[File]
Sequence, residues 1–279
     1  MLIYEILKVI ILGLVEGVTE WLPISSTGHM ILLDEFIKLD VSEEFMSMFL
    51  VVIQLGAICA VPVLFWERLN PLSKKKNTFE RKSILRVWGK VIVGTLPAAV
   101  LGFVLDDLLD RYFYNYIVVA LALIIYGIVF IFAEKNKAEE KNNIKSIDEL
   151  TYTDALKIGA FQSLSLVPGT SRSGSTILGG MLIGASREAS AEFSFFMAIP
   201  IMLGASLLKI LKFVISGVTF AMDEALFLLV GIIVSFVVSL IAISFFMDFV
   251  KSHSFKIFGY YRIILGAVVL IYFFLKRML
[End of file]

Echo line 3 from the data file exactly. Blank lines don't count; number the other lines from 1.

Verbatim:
    51  VVIQLGAICA VPVLFWERLN PLSKKKNTFE RKSILRVWGK VIVGTLPAAV